To Robert Ifill, his younger sister was more than just a journalist breaking barriers and making history as the first African-American woman to host a national political talk show. She was, as he considered, the “star” of the family.
“When we were younger, she was always referred to as `Robert’s little sister,’” Ifill recalled. “But when she was really excited talking about her job as a journalist, I would tell her that she was now the star of the family.”
Gwen Ifill’s career as a professional journalist started while she was completing her undergraduate studies at Simmons University, where she interned at the Boston Herald-American. She was hired by this newspaper after earning her bachelor’s degree in communications.
“At the Boston Herald-American, she started out as a ghostwriter for an advice column called `Tell it to Joe,’” Ifill said. “She moved on to cover food and features.”
After four years at Boston, Ifill moved to Baltimore, where she started a job at The Baltimore Evening Sun.
“Gwen’s job at the Baltimore Evening Sun was where she was introduced to political reporting,” Ifill said. “She first covered city hall and then was able to be part of a staff that covered the Maryland legislature during her session in Minneapolis.”
From there, Ifill went to work at the Washington Post in 1984, where she covered Prince George’s County politics. She quickly gravitated to covering national political races.
“The very first race she covered was the presidential election in 1988,” Robert Ifill said. “She covered Jesse Jackson and Michael Dukakis.”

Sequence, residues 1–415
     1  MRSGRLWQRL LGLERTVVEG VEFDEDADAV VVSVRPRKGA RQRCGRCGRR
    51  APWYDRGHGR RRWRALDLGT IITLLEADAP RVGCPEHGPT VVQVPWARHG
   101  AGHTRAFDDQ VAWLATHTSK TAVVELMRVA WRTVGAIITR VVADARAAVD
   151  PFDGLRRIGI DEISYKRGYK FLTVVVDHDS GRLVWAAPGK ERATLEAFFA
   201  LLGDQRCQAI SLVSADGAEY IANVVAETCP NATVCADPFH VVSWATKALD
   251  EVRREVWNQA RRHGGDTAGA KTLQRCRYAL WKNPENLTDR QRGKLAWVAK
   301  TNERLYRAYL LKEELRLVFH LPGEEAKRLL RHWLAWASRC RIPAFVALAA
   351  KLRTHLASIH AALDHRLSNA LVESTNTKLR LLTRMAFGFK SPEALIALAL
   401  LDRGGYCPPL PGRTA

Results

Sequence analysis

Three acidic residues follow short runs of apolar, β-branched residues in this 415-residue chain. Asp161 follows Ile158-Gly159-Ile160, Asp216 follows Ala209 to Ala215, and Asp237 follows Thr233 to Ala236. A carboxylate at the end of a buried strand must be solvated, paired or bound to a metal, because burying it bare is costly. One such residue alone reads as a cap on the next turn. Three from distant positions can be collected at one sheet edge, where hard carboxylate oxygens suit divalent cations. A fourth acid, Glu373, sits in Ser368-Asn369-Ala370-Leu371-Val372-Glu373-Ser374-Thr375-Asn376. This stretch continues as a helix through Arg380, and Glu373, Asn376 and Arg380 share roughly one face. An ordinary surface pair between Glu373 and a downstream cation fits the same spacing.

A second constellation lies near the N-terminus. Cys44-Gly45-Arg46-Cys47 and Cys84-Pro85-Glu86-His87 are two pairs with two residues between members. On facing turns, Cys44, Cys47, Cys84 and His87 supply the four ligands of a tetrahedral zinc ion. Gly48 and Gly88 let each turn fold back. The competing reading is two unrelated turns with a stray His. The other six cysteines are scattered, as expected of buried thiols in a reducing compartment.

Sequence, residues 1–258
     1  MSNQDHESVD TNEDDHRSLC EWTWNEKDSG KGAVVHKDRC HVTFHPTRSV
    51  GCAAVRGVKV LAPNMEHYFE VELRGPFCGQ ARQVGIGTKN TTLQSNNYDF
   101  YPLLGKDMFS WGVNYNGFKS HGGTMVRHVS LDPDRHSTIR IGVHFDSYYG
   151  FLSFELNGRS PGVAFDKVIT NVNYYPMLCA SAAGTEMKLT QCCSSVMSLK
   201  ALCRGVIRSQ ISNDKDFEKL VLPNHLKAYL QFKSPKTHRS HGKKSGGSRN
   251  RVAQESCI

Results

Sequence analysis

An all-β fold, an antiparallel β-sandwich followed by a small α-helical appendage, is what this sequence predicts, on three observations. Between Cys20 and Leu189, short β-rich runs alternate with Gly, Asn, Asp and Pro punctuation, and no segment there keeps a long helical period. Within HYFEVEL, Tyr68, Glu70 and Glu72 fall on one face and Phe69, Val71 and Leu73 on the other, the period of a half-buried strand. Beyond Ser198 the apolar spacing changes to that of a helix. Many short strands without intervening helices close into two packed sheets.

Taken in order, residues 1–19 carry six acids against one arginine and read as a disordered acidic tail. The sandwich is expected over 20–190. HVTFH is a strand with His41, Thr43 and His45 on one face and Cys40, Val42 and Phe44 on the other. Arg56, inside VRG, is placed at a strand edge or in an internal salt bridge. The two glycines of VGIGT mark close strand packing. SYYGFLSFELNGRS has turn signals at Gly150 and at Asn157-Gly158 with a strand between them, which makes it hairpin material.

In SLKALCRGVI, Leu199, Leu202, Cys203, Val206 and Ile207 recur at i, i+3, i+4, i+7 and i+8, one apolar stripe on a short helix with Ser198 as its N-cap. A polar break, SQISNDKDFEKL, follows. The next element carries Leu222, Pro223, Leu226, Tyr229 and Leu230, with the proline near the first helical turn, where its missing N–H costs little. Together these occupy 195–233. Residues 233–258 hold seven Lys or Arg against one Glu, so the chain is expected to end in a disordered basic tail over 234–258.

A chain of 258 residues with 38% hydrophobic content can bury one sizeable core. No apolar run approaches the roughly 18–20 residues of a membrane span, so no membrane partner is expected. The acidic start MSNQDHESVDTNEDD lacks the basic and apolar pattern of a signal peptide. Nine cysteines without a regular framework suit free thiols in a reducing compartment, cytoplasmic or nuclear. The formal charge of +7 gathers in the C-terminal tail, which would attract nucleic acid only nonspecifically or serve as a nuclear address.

At the Post, she became a senior political reporter, but left after being told that she did not have enough experience to cover Capitol Hill.
“She was then hired by the New York Times, where she covered the White House from 1991 to 1994,” Ifill said.
After a brief period at the Times, Gwen Ifill became a television reporter for NBC, covering the White House and Congress. As she was living in Washington D.C., at the time, she was an occasional guest for journalism talk shows.
“One of the talk-shows she was invited to was [a PBS show] called `Washington Week,’ but at the time was known as `Washington Week in Review,’” Ifill said. “She became a very popular correspondent at the roundtable shows, which typically had a moderator and four reporters to cover politics.”
When Paul Duke, the moderator for the “Washington Week in Review,” retired and his successor left, Gwen Ifill was asked to step into their roles. She did under the condition that she would have two jobs at PBS: one as a moderator of “Washington Week” and another as a senior correspondent for the show “The Newshour with Jim Lehrer.”
“She was a senior correspondent there until he retired,” Ifill said. “Then she and another senior correspondent, Judy Woodruff, became the first female co-anchors of a nightly news show, which was then called “PBS Newshour.’”
Gwen Ifill held that position for the remaining two years of her life.
“In the meantime, she did a number of things outside of those jobs, including hosting vice presidential debates in 2004 and 2008, conducting town hall meetings, particularly around issues of race, and authored one book focusing on the awakening of young black politicians during the era of Obama,” Ifill said.
On November 14, 2016, she passed away after a long battle with cancer.
“She thought of herself not just simply as a trailblazer and pioneer but also as a door-opener and a mapmaker,” Ifill said. “What I mean by that was that she was always conscious of people coming up behind her and she wanted their path to success to be easier than hers had been.”
Robert Ifill states that if Gwen Ifill were alive today, she would encourage young and aspiring journalists to get their voices heard.
“She learned how to get her voice heard when she was in a room full of white males the hard way,” Ifill said. “She kept to her values, she worked hard, and she came prepared.”